The restructuring sees Wolfson planning to stop making some of its older products for what it described as "low growth markets".
As a result it is taking a $2 million (£1.24m) charge for staff severance payments, with up to 20 UK jobs and others around the world under threat, in the final quarter of the year along with a further $2m of non-cash asset write offs. The company expects to save around $10m a year.
Wolfson employs about 280 permanent staff at its Edinburgh headquarters, with a further 70 at Newbury, Berkshire, and also has some contractors.
Its other offices are in Asia, Australia and the US.
Mike Hickey, Wolfson chief executive, confirmed that consultations with staff affected by the plan were just beginning.
He said: "By the end of [the first quarter of 2014] we will reduce on a worldwide basis our staff costs by around 10%, but that includes permanent and contract employees."
In third-quarter results posted yesterday Wolfson's revenue was down 17% year-on-year, from $53m to $43.9m.
That saw it record a pre-tax loss of $3m in the three months to September 29, compared with a $1.6m profit in the same period last year.
Wolfson had previously flagged up that its sales for 2013 would be lower than anticipated after a major customer - thought to be Blackberry - cancelled a product roll out, while other clients have postponed some launches until 2014.
Mr Hickey said the restructuring would mean that even if revenue and margins only stayed flat going into 2014, the business would be break even.
However he expected both those segments to improve next year.
He said: "We are trying to put ourselves in the best position possible to support fast paced growth.
"We have the right parts [and] the right customers. We are dependent on those customers selling stuff through and not cancelling a programme or getting bought or going private or all of those things.
"We have had a little bit of that this year, and we hope that turbulence has calmed down as the underlying technology trends are in our favour. We have world leading products in these growth categories."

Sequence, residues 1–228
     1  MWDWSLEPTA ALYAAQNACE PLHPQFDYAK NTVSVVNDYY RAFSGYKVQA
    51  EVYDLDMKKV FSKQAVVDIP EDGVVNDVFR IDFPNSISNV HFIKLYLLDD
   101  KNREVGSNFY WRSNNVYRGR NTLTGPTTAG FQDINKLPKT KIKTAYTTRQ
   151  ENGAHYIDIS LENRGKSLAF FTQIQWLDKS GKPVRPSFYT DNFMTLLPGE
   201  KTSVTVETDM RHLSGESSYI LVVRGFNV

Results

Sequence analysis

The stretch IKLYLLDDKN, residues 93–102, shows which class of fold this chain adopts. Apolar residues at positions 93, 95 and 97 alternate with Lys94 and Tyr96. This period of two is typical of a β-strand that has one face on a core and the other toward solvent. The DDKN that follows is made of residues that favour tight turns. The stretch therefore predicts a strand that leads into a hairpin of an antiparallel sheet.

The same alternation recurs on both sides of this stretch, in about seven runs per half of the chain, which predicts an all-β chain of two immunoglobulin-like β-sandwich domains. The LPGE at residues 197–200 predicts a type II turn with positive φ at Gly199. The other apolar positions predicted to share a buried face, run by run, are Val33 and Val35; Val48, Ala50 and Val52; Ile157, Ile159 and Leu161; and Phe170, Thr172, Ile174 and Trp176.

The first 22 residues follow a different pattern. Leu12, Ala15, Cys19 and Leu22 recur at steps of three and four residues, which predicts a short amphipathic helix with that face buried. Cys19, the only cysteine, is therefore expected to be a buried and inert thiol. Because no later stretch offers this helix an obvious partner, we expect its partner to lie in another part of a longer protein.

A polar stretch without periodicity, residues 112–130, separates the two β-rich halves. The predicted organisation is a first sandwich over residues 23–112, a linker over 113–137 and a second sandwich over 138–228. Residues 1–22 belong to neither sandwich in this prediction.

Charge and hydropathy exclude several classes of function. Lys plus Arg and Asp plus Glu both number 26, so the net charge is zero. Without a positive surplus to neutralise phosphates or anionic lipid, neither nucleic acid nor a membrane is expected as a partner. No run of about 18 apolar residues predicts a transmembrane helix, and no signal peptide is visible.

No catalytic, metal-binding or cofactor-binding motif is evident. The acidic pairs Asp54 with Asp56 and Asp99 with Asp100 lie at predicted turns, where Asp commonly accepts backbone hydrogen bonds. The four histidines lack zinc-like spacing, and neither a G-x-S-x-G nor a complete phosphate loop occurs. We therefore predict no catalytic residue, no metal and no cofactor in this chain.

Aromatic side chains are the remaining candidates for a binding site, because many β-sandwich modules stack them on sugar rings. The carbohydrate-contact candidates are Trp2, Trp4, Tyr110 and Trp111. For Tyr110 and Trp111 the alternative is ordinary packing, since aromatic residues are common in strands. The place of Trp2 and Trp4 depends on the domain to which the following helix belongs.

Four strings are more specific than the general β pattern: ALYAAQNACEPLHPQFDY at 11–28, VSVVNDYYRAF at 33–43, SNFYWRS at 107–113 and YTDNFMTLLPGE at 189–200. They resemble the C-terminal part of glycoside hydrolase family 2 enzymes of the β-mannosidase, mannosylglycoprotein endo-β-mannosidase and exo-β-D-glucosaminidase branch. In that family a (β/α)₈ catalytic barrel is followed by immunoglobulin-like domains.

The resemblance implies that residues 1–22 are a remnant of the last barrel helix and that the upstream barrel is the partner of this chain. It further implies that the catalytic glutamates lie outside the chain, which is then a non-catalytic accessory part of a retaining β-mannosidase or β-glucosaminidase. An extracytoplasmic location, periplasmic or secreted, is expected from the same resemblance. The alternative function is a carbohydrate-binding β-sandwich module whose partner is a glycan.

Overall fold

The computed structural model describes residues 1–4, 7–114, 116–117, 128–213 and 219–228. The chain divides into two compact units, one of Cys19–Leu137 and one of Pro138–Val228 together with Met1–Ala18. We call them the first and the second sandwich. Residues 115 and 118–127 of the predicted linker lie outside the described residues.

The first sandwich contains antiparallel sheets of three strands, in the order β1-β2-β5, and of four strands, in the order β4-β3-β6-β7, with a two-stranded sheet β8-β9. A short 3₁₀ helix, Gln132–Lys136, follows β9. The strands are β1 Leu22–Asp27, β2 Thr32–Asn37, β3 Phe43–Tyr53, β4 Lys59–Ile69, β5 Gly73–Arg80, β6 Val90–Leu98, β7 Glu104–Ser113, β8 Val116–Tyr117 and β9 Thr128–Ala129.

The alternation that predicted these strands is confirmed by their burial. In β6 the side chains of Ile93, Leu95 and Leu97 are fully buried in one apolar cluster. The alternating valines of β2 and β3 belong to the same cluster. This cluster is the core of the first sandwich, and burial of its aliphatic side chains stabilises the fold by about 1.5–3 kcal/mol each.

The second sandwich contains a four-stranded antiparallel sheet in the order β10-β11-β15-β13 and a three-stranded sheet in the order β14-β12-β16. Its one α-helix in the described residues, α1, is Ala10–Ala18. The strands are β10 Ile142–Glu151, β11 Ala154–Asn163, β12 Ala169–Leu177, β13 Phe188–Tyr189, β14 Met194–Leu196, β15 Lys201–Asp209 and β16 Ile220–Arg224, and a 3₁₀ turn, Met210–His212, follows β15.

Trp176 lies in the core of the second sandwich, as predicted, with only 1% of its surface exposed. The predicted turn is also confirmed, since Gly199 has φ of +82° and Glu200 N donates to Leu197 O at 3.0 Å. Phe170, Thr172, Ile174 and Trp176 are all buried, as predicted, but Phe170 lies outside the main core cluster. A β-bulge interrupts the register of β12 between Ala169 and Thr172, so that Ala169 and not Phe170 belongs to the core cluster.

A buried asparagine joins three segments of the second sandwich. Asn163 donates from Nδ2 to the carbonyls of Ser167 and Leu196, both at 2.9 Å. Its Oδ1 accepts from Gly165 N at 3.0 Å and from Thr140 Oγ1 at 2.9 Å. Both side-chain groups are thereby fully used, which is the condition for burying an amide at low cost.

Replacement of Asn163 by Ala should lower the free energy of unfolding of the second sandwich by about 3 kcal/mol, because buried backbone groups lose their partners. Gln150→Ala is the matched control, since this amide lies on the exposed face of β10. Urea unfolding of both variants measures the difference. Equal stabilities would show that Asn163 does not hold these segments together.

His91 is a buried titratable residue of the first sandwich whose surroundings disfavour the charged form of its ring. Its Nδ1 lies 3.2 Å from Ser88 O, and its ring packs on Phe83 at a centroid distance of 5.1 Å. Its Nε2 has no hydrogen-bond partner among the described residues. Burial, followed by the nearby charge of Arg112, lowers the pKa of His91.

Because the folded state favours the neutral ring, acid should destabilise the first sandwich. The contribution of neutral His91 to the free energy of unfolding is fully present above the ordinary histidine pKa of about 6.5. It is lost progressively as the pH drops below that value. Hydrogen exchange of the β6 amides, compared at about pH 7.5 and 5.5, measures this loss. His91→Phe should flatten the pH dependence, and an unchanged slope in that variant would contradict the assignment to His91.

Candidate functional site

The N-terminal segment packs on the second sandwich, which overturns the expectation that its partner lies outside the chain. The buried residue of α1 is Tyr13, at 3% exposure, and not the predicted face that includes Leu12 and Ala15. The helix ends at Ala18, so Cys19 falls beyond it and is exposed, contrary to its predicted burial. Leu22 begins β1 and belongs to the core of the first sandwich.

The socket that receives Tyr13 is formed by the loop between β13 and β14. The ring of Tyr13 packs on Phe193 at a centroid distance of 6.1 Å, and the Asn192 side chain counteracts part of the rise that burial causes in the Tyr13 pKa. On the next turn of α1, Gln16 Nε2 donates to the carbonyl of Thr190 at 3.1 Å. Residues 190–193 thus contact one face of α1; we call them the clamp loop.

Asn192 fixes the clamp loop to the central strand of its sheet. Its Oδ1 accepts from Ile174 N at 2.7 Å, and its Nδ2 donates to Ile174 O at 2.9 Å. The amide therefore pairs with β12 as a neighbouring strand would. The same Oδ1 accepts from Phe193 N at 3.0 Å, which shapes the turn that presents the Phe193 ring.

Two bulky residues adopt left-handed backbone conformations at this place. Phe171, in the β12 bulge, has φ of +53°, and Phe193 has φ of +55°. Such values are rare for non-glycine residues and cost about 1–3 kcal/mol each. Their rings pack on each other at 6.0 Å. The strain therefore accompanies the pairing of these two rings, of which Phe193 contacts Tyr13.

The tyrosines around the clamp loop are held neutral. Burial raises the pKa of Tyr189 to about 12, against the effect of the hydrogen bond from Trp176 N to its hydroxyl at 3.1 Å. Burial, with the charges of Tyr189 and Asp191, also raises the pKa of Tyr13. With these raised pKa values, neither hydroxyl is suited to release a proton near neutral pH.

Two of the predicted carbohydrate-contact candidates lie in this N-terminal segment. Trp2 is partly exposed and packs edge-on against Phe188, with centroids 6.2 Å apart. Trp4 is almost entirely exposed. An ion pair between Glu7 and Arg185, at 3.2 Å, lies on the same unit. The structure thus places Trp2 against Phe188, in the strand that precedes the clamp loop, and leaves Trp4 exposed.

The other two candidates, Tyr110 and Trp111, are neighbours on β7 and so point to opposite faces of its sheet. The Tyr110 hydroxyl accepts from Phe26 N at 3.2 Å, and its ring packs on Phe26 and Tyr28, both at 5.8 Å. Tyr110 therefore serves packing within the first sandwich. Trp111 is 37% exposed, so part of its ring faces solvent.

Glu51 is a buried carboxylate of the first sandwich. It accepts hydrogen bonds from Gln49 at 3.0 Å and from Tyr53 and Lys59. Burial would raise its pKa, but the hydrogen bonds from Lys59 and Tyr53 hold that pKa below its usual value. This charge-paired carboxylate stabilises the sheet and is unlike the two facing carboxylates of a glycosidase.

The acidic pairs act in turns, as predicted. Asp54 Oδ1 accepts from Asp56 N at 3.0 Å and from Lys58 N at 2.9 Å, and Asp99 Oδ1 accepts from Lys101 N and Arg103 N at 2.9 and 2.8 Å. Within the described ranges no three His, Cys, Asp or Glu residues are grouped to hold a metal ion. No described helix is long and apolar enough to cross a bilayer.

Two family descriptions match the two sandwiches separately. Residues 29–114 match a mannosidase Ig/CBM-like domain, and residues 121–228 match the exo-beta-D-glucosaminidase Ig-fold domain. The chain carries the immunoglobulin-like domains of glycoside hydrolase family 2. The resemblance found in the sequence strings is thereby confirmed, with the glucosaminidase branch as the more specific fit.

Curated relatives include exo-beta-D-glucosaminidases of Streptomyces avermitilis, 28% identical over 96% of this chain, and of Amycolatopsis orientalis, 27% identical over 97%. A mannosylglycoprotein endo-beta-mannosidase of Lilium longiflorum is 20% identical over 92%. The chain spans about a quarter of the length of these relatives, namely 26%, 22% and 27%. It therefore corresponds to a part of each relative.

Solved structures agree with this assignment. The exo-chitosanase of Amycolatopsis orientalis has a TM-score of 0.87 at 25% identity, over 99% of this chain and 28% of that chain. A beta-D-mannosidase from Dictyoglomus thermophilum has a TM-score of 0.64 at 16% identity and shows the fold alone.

Wolfson highlighted its growing position in the Chinese smartphone and tablet market, which is the largest in the world, saying it was now shipping to more than half the manufacturers there with two more added in the quarter.
Mr Hickey said: "We are very encouraged by our progress there and how our footprint has expanded. There is a lot of [other] consumer electronics these companies do as well.
"So once we are their go to person for audio, we feel that can expand out and it is definitely a focus for us in the next few years."
Sales to Wolfson's largest customer, widely thought to be Samsung, were at 35% of total revenue in the quarter.
Earlier this year Wolfson signed a multi-year intellectual property and supply deal with Samsung, which has resulted in smartphones, tablets and cameras carrying products from the Scottish company.
Wolfson said it was seeing a growing take-up from automotive suppliers for noise cancellation and voice activation components and software.
It has also just launched an audio card for the popular $25 Raspberry Pi computer. Wolfson said its add-on, available in the next few weeks, would allow the device to be modified, including to become a voice-controlled wireless home media network, capable of playing music.
Analysts at JP Morgan maintained a neutral rating and said: "Wolfson has been hit by the double whammy of a weak smartphone market and large customer Blackberry substantially losing share."
Shares in Wolfson closed down 4p, or 2.7%, to 142.5p.